Ph.D. Johns Hopkins University School of Medicine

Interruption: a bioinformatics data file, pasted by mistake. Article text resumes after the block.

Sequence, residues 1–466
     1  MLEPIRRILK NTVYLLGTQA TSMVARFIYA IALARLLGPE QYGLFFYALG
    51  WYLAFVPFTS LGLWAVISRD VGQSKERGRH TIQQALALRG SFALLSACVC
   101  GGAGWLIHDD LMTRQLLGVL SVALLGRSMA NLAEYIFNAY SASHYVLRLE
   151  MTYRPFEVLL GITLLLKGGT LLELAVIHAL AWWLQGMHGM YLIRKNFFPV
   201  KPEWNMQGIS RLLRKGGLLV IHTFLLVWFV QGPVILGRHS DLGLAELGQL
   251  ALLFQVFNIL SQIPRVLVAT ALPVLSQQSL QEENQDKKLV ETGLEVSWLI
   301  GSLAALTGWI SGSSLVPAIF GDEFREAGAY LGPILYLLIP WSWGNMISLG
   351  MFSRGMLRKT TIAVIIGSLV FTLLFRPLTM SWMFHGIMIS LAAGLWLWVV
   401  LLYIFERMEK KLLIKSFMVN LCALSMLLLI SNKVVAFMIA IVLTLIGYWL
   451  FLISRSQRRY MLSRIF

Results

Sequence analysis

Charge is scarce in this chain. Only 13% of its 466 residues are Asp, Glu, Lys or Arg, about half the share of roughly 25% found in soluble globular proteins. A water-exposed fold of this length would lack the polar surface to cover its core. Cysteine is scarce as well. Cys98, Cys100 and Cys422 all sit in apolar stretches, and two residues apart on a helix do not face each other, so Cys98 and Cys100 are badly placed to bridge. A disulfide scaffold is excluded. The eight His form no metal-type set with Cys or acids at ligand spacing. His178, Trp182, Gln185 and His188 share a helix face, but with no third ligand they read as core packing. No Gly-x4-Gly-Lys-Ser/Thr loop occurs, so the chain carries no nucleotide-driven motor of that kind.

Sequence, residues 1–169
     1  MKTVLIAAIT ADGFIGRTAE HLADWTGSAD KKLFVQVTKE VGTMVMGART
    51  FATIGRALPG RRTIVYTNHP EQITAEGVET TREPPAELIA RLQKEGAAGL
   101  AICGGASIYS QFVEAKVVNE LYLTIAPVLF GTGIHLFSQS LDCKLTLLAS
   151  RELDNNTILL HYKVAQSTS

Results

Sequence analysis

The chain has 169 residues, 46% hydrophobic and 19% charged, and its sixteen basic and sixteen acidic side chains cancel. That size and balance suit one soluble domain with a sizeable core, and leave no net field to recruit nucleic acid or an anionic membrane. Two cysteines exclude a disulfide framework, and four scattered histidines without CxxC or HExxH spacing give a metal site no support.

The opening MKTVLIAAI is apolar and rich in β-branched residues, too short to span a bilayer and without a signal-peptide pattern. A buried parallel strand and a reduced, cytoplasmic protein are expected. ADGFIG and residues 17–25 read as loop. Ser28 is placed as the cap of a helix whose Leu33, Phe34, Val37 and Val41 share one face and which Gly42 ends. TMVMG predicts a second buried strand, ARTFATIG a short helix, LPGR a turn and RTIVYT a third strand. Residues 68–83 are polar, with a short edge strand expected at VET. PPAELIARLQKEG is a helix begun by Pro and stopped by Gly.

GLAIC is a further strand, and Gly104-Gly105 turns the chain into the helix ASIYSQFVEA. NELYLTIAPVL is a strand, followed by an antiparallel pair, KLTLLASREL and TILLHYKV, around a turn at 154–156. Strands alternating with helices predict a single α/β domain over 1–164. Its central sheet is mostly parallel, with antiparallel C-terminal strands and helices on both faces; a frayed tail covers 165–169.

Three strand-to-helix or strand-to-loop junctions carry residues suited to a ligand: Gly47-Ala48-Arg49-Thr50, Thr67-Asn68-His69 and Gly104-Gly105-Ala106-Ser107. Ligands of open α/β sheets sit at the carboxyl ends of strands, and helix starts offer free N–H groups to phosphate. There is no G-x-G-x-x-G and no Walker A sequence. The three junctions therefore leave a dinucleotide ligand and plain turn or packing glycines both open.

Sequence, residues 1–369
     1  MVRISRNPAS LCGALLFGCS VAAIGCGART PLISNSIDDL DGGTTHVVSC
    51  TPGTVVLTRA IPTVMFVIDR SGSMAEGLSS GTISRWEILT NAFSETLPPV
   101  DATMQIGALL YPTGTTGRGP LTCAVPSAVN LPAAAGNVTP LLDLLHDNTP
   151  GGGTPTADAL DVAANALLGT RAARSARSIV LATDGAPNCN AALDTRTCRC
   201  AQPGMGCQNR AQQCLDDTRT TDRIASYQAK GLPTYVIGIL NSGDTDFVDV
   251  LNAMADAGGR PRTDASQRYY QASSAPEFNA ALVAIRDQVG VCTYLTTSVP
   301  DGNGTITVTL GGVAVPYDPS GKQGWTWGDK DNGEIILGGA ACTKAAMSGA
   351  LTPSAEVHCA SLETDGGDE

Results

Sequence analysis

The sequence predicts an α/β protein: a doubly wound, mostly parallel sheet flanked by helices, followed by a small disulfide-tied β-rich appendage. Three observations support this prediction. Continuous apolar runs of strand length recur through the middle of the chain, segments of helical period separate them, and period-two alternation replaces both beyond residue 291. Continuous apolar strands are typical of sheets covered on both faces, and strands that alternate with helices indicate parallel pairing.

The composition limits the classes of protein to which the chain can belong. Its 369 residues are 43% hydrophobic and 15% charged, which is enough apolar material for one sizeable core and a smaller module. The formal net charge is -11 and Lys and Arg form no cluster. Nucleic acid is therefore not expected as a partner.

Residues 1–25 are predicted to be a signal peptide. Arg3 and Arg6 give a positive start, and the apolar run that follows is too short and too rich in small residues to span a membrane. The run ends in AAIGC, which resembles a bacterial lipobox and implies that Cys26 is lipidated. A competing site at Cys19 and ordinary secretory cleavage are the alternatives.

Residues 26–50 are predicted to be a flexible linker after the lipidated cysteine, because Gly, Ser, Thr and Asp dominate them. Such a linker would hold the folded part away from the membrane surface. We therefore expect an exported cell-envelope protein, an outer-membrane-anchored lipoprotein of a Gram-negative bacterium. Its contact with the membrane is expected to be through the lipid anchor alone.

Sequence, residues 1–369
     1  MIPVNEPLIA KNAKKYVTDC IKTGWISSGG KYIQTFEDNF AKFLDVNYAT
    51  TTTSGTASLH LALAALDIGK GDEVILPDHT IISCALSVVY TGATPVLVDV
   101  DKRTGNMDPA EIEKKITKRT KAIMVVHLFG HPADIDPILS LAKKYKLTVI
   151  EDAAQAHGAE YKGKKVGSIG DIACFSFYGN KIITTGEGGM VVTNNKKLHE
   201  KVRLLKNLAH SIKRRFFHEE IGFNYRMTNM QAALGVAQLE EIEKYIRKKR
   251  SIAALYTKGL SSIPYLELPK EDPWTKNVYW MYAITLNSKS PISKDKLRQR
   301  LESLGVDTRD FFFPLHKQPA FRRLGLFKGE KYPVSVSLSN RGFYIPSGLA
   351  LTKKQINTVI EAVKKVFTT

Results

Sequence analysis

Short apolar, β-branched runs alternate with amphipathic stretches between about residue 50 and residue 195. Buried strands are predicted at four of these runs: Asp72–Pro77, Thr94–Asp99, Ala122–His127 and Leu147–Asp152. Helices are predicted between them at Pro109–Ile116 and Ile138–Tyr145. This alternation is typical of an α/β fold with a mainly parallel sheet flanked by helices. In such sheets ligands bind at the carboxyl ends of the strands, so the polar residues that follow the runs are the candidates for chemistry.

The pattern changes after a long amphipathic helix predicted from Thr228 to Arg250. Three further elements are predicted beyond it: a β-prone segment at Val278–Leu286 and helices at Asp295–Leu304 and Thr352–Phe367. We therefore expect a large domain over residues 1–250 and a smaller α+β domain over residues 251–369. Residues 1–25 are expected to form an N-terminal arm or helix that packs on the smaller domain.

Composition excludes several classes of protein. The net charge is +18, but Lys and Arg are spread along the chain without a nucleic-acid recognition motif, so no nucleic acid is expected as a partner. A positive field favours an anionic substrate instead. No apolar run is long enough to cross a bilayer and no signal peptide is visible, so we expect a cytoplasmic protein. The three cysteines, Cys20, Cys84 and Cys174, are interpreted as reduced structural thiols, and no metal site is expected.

Genes required for development of the somatic musculature in vertebrates are poorly understood. Due to thousand of cells undergoing multiple waves of fusion over long time periods, it has been difficult to study this process in the developing embryo, and much of the present knowledge stems from in vitro studies. Fortunately, vertebrate and insect myogenesis are mechanistically well conserved, and involve similar processes, such as cell recognition, cell adhesion, and cell fusion. Consequently, studies of muscle development in the genetically amenable model organism Drosophila melanogaster have provided key insights into genes required for myoblast fusion, many of which are also required for multiple developmental processes. Currently our laboratory is focused on identifying new genes that function in Drosophila myoblast fusion by taking advantage of both genetic and biochemical approaches. Our primary focus is to identify and integrate new genes and proteins into ordered molecular pathways for a further understanding of the fusion process. Additional interests include applying this knowledge to other developmental pathways in Drosophila where these molecules may have diverse roles, as well as investigating the relevance to vertebrate myogenesis in hopes of better understanding basic muscle biology and disease.